"A woman of Samaria came to draw water. Jesus said to her, "Give me a drink".
The lady described in this story from John 4 is unknown to us. We don't know her name. We only know that she was of a snubbed gender and a despised race. Yet Jesus connected with her. As we read the entire story, something remarkable transpires between Jesus and this unknown woman. Through Jesus interaction with the woman at the well we learn about the value of "connection", what some people call emotional intelligence.
People don't connect well to frowning, intense, defensive leaders. A leader can only lead to the degree they can emotionally connect with people. A leader who is "out of touch" with how they come across to people, who lacks what is called "EQ", emotional intelligence, is limited in their effectiveness.
What is the biblical basis of the leadership principle of “connection”? We see it at work in how Jesus related to a broad spectrum of people. He connected to ordinary fisherman, tax collectors, religious officials, Roman officers, women caught in adultery, Mary and Martha when they blamed Jesus for the death of Lazarus, and his own very diverse team of apostles.
In the conversation between Jesus and the woman at the well, we see the principles of "connection" in action. We see in Jesus the ultimate example of emotional intelligence. Jesus reached over the walls of gender separation, racial prejudice, immoral behavior, theological difference, and initial personal rejection. Jesus did not rely on policies or religious practices to relate to her. He connected to her through wise and discerning personal interaction.
Jesus is our example in each of the following qualities of leadership connection. He connected with the woman at the well in order to minister to her. He was not being deceitful or manipulative; he was wise and patient, reaching out to her across the very real divide that separated them. Wise leaders today will learn to do the same.
Five components of leadership "connection" we can see in Jesus interaction with the woman at the well:
• Self-awareness. Jesus was fully aware of who he was and what he had to offer. He offered “living water”. He demonstrated the ability to recognize and understand his own drives and emotions and how they affect other people. Self-awareness involves self-confidence, realistic self-awareness, and a self-deprecating sense of humor. Can you picture a warm and wry smile on Jesus’ face as he tells this woman to go and call her “husband” and come back to him, knowing full well she had five husbands? Leaders with self-awareness are aware of their own moods but don’t allow those moods to disrupt relationships or control their attitudes or actions.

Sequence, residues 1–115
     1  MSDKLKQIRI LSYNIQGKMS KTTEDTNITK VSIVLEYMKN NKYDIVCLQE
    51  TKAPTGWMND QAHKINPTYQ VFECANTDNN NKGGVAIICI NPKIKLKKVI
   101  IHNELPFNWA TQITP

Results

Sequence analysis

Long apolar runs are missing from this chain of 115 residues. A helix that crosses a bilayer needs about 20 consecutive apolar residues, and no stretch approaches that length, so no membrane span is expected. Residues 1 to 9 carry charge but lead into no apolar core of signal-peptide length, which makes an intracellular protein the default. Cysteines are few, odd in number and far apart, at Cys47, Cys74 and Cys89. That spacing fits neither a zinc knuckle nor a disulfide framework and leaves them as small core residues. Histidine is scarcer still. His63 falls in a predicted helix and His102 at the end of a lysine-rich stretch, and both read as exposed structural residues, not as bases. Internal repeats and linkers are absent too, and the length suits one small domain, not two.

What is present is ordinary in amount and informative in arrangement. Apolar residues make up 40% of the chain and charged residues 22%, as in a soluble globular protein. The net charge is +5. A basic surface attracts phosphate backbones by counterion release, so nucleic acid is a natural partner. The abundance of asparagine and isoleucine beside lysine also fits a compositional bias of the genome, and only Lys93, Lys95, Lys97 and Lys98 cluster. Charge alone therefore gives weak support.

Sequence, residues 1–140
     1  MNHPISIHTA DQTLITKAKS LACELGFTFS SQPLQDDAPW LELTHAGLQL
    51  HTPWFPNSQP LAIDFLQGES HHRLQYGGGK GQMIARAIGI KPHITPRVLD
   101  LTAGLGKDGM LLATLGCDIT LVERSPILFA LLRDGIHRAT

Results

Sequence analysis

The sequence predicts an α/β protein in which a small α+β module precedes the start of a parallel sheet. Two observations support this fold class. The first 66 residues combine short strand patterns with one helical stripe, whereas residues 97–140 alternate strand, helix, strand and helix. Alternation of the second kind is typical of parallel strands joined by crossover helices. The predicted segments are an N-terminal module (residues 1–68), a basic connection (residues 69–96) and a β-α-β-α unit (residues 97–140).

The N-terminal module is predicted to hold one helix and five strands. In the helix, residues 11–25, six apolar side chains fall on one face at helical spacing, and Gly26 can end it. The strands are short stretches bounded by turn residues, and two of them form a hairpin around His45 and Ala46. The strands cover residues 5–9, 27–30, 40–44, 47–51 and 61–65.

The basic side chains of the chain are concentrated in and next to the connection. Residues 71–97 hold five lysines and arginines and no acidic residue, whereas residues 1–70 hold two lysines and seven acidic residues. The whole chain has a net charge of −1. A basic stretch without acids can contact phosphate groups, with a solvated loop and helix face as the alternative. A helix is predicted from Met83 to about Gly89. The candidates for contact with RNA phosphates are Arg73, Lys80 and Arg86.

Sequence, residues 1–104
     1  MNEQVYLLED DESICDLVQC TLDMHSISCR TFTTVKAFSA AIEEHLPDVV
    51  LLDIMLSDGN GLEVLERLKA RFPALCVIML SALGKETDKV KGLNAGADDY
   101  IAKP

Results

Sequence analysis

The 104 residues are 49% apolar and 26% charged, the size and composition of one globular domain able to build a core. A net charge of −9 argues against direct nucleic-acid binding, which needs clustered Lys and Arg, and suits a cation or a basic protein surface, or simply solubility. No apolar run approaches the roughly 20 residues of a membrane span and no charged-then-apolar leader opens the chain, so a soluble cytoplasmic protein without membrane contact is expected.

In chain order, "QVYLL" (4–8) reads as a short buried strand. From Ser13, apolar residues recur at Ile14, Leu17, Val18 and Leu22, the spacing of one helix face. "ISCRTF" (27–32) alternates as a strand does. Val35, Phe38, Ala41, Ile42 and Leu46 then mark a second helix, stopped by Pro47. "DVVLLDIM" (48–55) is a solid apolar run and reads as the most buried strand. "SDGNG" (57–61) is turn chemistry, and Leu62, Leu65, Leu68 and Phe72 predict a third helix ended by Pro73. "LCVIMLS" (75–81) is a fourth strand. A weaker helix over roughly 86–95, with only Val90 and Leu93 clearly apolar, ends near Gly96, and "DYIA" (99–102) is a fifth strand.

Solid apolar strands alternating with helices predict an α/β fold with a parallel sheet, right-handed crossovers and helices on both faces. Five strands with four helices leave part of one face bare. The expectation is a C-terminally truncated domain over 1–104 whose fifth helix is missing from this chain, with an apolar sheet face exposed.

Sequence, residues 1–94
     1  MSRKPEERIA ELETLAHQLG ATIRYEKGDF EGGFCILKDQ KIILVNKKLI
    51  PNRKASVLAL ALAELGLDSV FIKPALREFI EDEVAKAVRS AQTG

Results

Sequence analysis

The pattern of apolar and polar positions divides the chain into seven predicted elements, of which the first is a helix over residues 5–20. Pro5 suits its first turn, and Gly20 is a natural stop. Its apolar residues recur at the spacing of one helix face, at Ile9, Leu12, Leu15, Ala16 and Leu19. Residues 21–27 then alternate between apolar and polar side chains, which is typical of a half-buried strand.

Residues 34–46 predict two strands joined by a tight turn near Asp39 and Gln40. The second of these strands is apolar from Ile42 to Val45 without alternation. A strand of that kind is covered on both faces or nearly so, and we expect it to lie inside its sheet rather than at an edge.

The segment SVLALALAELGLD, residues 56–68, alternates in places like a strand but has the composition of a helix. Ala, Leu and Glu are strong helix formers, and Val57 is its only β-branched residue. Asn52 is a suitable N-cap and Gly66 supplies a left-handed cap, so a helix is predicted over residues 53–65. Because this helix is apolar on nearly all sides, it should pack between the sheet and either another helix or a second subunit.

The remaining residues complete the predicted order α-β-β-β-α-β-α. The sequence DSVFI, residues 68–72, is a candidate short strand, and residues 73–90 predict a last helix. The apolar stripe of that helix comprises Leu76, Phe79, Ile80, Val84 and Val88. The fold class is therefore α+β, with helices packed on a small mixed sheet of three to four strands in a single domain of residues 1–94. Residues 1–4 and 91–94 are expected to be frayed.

• Self-regulation. Jesus had the ability to recognize and control his impulses. It says in John 4:4 says, “Jesus had to pass through Samaria”. It was the impulse of the Spirit that led him to pass through Samaria. Normally, Jews avoided Samaria. Jesus knew the difference between an impulse of the Spirit and an impulse of the flesh. Leaders with high levels of emotional intelligence don’t allow their moods to disrupt their speech or actions, but rather they allow the Spirit to lead them. Self-aware and self-controlled leaders are not prisoners of their own personalities. Self-regulated leaders have the ability to suspend judgment before acting or speaking. This includes openness to change and comfort with ambiguity. As uncomfortable as it can be, it includes welcoming responses to constructive criticism and assessment of our leadership effectiveness.
• Self-motivation. Self-motivated leaders are not dependent on church structures or other leaders to motivate them. Like Jesus, they are passionate about ministry and work for it's own value. They are filled with the Spirit and call daily upon the Spirit’s help to recharge and re-energize them. Jesus demonstrated self-initiative and the ability to pursue ministry goals he set for himself with great energy and persistence (he was not in competition with others – see John 4:1-3). Self-motivated leaders feed themselves spiritually from the Word and with prayer. They have to – they are pioneers. They cannot be dependent on others to prop them up or get them going each day.